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# Re: Precast concrete barrier wall (spandrel) design againstvehicle  impact load.

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• To: rgarner(--nospam--at)moffattnichol.com, seaint(--nospam--at)seaint.org, seaint(--nospam--at)seaint.org, Wontae.Kim(--nospam--at)unistresscorp.com
• Subject: Re: Precast concrete barrier wall (spandrel) design againstvehicle  impact load.
• From: Rhkratzse(--nospam--at)aol.com
• Date: Mon, 27 Feb 2006 18:02:43 EST

I suppose you might have to use energy equations to do this design "precisely," but I think a simple "equivalent static" analysis is appropriate.  He seems to have doubled the moment.  Simple span moment for a single concentrated load at midspan is Pl/4, whereas he has used Pl/2.  This might help.

Ralph Hueston Kratz, S.E.
Richmond CA USA

In a message dated 2/27/06 2:22:23 PM, rgarner(--nospam--at)moffattnichol.com writes:
Let's see if my memory is right.  Yield line theory applies to two way slabs, with the yield lines projecting at approximate 45 degree lines from the corners to the centerline of the slab.  I think you have to consider one way slab action.  If you are considering impact from a moving vehicle, you can consider that some of the energy of the vehicle is expended in just overcoming the inertia of the barrier wall.  I think you have to use energy equations to do this accurately.

From: Wontae Kim [mailto:Wontae.Kim(--nospam--at)unistresscorp.com]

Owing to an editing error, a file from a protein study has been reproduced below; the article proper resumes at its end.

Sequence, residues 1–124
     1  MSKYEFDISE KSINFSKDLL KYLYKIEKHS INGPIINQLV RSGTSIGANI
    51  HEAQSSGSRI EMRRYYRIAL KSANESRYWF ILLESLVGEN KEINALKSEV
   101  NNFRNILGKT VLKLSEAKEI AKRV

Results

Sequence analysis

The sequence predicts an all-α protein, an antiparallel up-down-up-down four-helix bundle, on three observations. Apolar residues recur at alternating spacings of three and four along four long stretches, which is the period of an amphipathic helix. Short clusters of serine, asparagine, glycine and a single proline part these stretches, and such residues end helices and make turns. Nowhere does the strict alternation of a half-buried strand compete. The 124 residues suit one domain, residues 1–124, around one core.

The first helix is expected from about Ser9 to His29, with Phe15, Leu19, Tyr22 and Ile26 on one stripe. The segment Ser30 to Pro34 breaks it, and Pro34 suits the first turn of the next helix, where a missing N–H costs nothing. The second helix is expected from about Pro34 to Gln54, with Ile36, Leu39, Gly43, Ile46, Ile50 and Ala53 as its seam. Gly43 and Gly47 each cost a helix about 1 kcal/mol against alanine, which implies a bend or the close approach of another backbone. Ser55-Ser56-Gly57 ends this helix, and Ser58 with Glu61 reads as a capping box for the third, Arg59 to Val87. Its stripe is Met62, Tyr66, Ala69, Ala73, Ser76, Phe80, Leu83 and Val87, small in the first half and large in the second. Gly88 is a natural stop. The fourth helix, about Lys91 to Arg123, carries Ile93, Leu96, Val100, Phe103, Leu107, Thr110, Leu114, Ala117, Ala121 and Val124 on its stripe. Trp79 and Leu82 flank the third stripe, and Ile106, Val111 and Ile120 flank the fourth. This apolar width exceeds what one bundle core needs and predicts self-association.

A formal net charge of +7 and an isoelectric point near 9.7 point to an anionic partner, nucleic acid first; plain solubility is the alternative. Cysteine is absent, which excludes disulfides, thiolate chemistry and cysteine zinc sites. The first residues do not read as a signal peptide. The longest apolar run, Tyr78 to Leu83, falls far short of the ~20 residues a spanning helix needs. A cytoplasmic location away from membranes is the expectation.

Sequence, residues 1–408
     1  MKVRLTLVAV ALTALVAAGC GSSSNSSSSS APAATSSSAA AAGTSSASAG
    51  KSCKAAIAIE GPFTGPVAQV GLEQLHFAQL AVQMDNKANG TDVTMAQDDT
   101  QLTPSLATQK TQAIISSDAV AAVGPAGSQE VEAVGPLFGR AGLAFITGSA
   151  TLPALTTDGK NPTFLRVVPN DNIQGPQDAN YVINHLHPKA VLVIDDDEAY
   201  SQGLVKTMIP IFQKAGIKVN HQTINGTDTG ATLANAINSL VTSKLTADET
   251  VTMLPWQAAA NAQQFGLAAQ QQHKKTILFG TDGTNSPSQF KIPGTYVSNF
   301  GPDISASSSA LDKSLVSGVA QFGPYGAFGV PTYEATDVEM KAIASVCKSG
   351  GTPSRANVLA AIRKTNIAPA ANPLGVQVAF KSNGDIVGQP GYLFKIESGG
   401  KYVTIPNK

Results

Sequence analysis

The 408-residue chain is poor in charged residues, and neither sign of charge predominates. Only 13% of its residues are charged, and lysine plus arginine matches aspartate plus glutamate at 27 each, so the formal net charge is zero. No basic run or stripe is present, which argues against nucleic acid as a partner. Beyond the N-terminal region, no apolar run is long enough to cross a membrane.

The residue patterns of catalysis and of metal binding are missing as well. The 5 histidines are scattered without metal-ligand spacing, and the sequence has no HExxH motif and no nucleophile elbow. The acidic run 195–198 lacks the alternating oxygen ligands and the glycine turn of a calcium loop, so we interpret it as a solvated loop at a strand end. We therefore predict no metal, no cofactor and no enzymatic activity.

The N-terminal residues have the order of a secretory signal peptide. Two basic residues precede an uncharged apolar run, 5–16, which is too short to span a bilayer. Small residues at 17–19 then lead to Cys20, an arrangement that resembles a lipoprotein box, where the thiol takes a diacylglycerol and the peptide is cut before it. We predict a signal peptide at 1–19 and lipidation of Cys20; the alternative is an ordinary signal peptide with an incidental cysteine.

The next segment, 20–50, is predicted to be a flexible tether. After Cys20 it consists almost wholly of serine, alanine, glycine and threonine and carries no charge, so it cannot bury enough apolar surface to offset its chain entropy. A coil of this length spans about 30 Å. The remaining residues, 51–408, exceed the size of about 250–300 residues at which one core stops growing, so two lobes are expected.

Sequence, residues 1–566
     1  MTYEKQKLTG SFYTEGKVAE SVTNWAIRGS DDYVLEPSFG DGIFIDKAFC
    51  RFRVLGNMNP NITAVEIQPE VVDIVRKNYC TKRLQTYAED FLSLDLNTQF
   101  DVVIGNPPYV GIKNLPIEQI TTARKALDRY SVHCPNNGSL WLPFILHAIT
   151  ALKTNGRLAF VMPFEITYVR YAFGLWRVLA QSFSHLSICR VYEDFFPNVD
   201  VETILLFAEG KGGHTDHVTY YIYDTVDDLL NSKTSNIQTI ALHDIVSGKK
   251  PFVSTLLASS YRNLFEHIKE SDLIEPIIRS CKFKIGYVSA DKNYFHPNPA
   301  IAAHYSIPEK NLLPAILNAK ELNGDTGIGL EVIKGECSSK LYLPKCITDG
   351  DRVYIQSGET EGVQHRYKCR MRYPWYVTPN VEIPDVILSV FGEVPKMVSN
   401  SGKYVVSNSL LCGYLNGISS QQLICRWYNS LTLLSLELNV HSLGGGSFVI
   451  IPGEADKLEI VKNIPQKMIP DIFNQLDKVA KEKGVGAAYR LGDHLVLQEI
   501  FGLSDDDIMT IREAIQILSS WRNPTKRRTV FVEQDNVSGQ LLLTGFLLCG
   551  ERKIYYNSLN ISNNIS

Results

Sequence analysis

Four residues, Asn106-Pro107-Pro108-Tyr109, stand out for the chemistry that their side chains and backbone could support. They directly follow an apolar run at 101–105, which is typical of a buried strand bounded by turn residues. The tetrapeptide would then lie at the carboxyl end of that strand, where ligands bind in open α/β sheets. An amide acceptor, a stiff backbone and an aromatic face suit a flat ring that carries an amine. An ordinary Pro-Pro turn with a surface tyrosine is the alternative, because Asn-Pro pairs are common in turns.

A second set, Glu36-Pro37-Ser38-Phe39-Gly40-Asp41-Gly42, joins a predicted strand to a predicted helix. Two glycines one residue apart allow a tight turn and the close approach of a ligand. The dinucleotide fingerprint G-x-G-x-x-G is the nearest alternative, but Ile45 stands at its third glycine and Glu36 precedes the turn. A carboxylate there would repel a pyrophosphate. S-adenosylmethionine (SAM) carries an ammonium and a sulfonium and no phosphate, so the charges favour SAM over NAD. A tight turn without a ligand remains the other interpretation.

Sent: Monday, February 27, 2006 2:07 PM
To: seaint(--nospam--at)seaint.org.
Subject: Precast concrete barrier wall (spandrel) design againstvehicle impact load.

Hi!

I would like to hear your opinions about precast concrete barrier wall design.

Here are conditions:
H=50in, L=60ft (between two columns), THK=12in
Car impact load= 10kips (Factored) in the mid of section
(25in from the bottom of barrier wall.)
Both top and bottom of the wall are free end (horizontal sides).
Only vertical sides at both ends can have connections to column:

Bearing and tieback connections are possible only to the column at both ends.
When I assumed this wall as one-way action wall like a simple beam, its bending moment is 10k*30ft, which
requires unrealistically high flexural reinforcement. (Is this high reinf ratio correct?)

I heard some books and engineers use yield line theory.
According to this theory, where and how can I assume the yield line locations?
If I assume three vertical yield lines, this may bring the same results as one-way action wall.

How can I design this concrete barrier wall with respect to the car impact load?

Thanks for your advice!

****Wontae Kim****
Unistress Corp.
Pittsfield, MA 01201
(Tel) 413-629-2031
(Fax) 413-499-0824

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